Life March 15, 2018

Getting to a Place of Hope

Faces of Hope provides a comprehensive safety net of crisis services

When facing any form of interpersonal violence—sexual assault, domestic abuse, elder abuse, or child abuse—one of the most invasive, traumatizing experiences a person could have—the process of seeking justice and services—can, unfortunately, add to the trauma by having to relive one’s story again and again. For Jean Fisher, this had to change.

“We want to de-traumatize this as much as possible so people don’t repeat their story,” said Jean Fisher, the Ada County Prosecutor special crimes chief and Faces of Hope Victim Center chief operating officer. “We want to make sure victims are in a place that is appropriate for an experience they have gone through. In an emergency room, you are subject to a schedule. Your event becomes less important than a life-threatening injury. You just experienced a traumatic event that, although not life-threatening, is huge.”

People of Faces of Hope

From left: Paige Dinger, Faces of Hope Foundation program manager; Dina Denney, Faces of Hope crisis counselor; Jean Fisher, special crimes chief deputy Ada County and COO Faces of Hope Victim Center; Faye White, executive director Faces of Hope Foundation; Annellie McArthur, victim service coordinator; Michael Carney, University of Idaho clinician domestic violence clinic. Photo by Christina Carlson

In 2016, Ada County Sheriff’s Office responded to 5,236 calls related to domestic abuse, child abuse, and sexual assault. According to the Idaho Coalition Against Sexual and Domestic Violence, each day in Idaho 559 victims of domestic violence and their children seek safety and services from community-based domestic violence programs. The need for victim support is pressing.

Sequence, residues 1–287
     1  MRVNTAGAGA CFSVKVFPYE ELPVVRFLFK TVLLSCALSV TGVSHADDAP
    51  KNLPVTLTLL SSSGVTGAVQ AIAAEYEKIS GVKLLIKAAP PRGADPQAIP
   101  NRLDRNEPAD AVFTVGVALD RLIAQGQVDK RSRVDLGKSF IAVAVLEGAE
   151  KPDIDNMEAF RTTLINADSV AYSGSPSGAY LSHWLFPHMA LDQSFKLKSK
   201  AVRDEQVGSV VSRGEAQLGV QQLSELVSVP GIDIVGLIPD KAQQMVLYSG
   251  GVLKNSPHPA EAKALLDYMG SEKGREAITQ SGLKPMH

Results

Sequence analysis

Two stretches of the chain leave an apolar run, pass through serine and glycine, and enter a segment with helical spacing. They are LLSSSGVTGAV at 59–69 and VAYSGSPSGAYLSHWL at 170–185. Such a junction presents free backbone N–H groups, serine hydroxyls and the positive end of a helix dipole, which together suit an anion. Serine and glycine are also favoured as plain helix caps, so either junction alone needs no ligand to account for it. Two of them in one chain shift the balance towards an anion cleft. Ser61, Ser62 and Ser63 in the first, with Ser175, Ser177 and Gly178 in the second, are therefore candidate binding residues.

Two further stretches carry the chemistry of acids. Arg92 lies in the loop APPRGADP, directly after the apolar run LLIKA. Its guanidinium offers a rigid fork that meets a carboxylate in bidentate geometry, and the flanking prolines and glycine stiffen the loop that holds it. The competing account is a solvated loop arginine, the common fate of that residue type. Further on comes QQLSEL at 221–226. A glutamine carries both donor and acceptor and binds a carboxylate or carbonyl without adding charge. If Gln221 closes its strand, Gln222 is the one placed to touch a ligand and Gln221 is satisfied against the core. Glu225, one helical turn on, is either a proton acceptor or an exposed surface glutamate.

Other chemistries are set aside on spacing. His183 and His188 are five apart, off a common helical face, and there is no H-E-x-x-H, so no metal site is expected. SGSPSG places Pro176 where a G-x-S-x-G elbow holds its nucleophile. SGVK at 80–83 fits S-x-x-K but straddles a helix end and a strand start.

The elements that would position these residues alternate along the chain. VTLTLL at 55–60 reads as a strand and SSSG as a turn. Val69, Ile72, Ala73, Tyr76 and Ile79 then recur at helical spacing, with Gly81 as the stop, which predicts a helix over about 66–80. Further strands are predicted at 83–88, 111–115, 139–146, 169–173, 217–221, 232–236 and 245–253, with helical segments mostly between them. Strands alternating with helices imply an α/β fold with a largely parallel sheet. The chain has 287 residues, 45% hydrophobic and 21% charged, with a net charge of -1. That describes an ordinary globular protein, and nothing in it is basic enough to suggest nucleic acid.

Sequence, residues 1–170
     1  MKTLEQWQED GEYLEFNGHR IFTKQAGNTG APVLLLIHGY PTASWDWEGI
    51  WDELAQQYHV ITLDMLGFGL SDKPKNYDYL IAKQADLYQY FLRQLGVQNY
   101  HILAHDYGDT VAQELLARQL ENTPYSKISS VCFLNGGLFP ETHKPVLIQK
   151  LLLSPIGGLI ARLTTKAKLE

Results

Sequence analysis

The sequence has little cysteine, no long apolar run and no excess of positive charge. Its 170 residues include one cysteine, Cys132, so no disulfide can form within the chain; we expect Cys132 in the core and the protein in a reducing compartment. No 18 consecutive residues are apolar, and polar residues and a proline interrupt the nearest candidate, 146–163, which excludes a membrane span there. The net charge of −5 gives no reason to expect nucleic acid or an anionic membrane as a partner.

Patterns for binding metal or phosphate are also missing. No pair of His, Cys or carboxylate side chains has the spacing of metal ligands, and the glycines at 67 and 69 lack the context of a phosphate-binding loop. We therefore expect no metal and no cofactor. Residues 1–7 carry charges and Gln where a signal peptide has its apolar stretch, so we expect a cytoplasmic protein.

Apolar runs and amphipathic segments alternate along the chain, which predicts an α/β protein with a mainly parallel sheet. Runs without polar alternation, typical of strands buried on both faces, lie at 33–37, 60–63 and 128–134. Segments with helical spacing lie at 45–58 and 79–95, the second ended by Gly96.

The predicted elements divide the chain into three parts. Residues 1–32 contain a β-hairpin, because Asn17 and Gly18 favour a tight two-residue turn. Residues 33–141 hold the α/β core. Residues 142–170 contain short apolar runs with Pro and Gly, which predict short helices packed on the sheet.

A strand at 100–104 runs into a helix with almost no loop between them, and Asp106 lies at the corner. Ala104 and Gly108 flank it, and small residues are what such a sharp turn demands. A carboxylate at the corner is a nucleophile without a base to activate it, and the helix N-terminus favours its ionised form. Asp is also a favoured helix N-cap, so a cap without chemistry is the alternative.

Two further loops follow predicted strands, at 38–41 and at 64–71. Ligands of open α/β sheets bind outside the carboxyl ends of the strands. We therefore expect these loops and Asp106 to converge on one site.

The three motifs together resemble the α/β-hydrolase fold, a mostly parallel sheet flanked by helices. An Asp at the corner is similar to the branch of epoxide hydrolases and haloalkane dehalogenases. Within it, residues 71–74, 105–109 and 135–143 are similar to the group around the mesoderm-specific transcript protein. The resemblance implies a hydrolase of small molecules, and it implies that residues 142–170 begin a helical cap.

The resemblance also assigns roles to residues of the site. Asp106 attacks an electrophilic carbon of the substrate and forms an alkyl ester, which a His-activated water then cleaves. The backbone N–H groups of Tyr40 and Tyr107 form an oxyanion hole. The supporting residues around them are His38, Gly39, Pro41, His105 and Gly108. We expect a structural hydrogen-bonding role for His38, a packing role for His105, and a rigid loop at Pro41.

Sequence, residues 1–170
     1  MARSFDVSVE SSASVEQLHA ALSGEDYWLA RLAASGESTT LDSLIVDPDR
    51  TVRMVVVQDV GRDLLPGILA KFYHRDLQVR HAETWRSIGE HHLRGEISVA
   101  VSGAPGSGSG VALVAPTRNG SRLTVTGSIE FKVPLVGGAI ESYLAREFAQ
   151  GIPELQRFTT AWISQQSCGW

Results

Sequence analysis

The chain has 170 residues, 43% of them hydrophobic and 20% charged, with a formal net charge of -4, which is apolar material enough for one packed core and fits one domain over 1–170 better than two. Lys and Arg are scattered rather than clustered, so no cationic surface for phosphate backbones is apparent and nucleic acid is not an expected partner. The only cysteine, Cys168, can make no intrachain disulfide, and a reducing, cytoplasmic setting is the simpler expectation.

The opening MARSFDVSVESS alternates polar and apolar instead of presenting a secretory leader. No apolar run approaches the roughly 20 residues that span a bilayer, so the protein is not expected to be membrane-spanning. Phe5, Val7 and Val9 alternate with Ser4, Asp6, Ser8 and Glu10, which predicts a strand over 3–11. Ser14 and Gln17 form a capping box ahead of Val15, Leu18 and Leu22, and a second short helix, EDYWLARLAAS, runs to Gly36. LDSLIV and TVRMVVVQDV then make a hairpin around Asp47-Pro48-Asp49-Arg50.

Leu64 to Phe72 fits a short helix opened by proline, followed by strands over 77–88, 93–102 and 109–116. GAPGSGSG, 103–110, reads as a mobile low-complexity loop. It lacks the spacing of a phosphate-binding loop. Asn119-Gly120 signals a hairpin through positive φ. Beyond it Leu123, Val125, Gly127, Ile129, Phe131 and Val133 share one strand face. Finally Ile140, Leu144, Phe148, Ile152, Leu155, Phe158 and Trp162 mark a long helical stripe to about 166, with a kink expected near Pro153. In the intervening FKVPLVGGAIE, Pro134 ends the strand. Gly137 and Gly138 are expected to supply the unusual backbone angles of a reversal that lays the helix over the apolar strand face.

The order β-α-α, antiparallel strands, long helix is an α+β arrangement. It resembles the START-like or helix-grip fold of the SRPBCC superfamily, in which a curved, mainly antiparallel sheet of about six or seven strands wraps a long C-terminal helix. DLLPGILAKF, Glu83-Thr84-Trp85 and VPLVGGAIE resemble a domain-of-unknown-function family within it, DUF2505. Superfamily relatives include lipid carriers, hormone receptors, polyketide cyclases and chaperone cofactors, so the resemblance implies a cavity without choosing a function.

The solution? Faces of Hope, a center that offers all the arms of trauma support and care under one roof. The organization has gone through some growing pains since its inception 10 years ago—it was originally called FACES Family Justice Center—and, over the past year, it has evolved to become one of the leading one-stop triage facilities in the country.

Fisher has been with the Ada County Prosecutor’s Office for nearly three decades. As the chief prosecutor for the special crimes unit, supervising child abuse and sexual assault cases is the norm. In her role, Fisher has seen the shortcomings of a victim’s journey to justice when dealing with a sensitive situation such as assault.

“If you were raped, you would have to go to the hospital for a rape kit, law enforcement for an interview, a counselor for therapy, and then the prosecutors to get ready for trial. It is the same situation for child protective services,” Fisher explained.

In 2004, an idea was sparked to bring all of these resources under one roof, thanks to Fisher and Ada County prosecuting attorneys Greg Bower and Jan Bennetts. They developed FACES Family Justice Center, “a multi-jurisdictional planning body to develop a community victim-assistance center” that opened its doors on the corner
of 6th and Myrtle streets in Boise. Their efforts laid the foundation for what it is today, but the model needed updating.